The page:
Is there any clause in applet that counts down the remaining time given?

Do you believe that I posted that answer and link to the tutorial just because I enjoy suggesting random, irrelevant possibilities?

Comments
lolzz ..... :D
Agreed :)

lol that was funny! The Timer class is definitely the way to go. And since the Timer class uses ActionEvents, the way the count down is displayed is controlled by you (that is, the ActionEvent can be to simply repaint() the updated time).

Hmmm, and what if you wanted an automatic action to be taken at the end of the count down? Would it be easier to create a new Timer that has an update interval of the count down duration - with the appropriate action event set; or would it be better to add an ActionEvent to the existing Timer and perform the check? I didn't read the tutorial so I'm not sure if the answer is there but this sounds so familiar - I feel I've programmed it before... ah but in C# Oops did I just ramble? lol

Oh, 1 last thing, the Timer class can also be found in java.util.Timer just btw

I know i should have mention this from beginning but am a newbie in programming java applet so am using a book "Java How To Program 7ED" to guide me to program a game project so i was wondering if there any resources like tutorial links on how to do a countdown timer for a game i will appreciate it because i barely understand what you guys are talking about xD

Do you believe that I posted that answer and link to the tutorial just because I enjoy suggesting random, irrelevant possibilities?

Well its not like i haven't read the tutorial i even tried the examples but the didn't mention in the tutorial how to view the remaining time i guess you misunderstood me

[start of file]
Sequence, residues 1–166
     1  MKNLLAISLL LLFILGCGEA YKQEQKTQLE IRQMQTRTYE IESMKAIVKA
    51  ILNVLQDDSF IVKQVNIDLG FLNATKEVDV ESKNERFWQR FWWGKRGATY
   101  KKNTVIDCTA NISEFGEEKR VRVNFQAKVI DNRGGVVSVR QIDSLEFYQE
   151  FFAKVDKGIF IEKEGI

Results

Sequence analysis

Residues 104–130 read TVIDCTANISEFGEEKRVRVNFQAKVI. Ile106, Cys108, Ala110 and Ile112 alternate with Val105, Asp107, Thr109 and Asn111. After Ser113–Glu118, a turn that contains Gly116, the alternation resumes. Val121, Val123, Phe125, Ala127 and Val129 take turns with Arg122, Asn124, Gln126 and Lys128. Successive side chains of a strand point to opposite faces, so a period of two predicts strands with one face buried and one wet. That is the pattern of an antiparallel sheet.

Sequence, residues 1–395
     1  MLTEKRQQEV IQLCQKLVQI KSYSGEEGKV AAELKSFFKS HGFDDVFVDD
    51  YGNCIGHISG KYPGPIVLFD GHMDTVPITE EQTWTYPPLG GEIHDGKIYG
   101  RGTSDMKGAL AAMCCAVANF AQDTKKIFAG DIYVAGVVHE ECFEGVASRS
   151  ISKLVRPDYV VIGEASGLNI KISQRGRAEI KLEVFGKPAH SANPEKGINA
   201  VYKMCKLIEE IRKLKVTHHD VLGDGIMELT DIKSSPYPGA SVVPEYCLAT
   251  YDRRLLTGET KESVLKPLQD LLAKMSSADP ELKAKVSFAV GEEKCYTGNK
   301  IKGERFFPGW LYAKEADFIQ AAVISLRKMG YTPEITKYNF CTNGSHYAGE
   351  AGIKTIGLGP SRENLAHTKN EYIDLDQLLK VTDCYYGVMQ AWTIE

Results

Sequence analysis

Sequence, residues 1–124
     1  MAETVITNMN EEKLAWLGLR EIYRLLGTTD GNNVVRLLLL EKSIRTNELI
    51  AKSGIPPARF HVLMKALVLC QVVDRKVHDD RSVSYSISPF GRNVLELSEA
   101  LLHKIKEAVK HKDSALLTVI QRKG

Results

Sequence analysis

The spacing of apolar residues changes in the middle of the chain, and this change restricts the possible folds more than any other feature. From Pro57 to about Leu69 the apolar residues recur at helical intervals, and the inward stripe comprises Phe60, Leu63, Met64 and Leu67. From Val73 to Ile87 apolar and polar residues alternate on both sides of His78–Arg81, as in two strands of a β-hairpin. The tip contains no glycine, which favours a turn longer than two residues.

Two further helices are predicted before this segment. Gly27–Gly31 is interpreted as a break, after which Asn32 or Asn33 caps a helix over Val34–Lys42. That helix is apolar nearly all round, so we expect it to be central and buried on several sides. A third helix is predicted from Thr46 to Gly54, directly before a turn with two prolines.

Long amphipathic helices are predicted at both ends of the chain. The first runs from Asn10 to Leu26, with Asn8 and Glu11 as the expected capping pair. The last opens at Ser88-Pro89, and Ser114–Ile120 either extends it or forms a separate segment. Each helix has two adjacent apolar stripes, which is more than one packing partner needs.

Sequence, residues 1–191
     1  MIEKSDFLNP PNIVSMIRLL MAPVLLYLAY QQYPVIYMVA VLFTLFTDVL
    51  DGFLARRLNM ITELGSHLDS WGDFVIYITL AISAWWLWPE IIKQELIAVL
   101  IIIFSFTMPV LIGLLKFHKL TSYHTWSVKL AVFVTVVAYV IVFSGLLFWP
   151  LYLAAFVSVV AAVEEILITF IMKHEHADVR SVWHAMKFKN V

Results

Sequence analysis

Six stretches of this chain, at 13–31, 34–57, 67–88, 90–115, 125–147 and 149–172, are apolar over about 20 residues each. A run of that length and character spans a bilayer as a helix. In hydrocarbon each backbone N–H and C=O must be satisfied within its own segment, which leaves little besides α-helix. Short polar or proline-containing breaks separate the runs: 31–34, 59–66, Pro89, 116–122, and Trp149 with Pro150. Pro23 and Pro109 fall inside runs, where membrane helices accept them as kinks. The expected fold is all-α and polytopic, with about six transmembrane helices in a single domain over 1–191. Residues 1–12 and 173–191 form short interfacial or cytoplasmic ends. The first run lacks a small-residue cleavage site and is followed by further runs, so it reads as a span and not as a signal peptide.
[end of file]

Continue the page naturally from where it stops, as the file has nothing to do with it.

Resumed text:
The amount of time allotted for the game is something you would set in your program. You use the timer to subtract a certain amount of time from your game time when it fires. So if you start with say 60 seconds and use the timer to subtract 1 from that every second (1000ms timer interval), you simply display the remainder in your applet.

Edit: That's not going to give you a fine-grained timer due to scheduling updates on the AWT thread, but it's close enough for your purposes.

Very simple example of this

import java.awt.EventQueue;
import java.awt.event.ActionEvent;
import java.awt.event.ActionListener;
import javax.swing.JFrame;
import javax.swing.JLabel;
import javax.swing.Timer;

public class TimerExample extends JFrame {

    final JLabel label;
    Timer countdownTimer;
    // Initial game time
    int timeRemaining = 10;

    public TimerExample() {
        setDefaultCloseOperation(EXIT_ON_CLOSE);
        setSize(200, 200);
        label = new JLabel(String.valueOf(timeRemaining), JLabel.CENTER);
        getContentPane().add(label);

        countdownTimer = new Timer(1000, new CountdownTimerListener());
        setVisible(true);
        countdownTimer.start();
    }

    class CountdownTimerListener implements ActionListener {
        public void actionPerformed(ActionEvent e) {
            if (--timeRemaining > 0) {
                label.setText(String.valueOf(timeRemaining));
            } else {
                label.setText("Time's up!");
                countdownTimer.stop();
            }
        }
    }

    public static void main(String[] args) {
        EventQueue.invokeLater(new Runnable() {
            public void run() {
                new TimerExample();
            }
        });
    }
}
This article has been dead for over six months. Start a new discussion instead.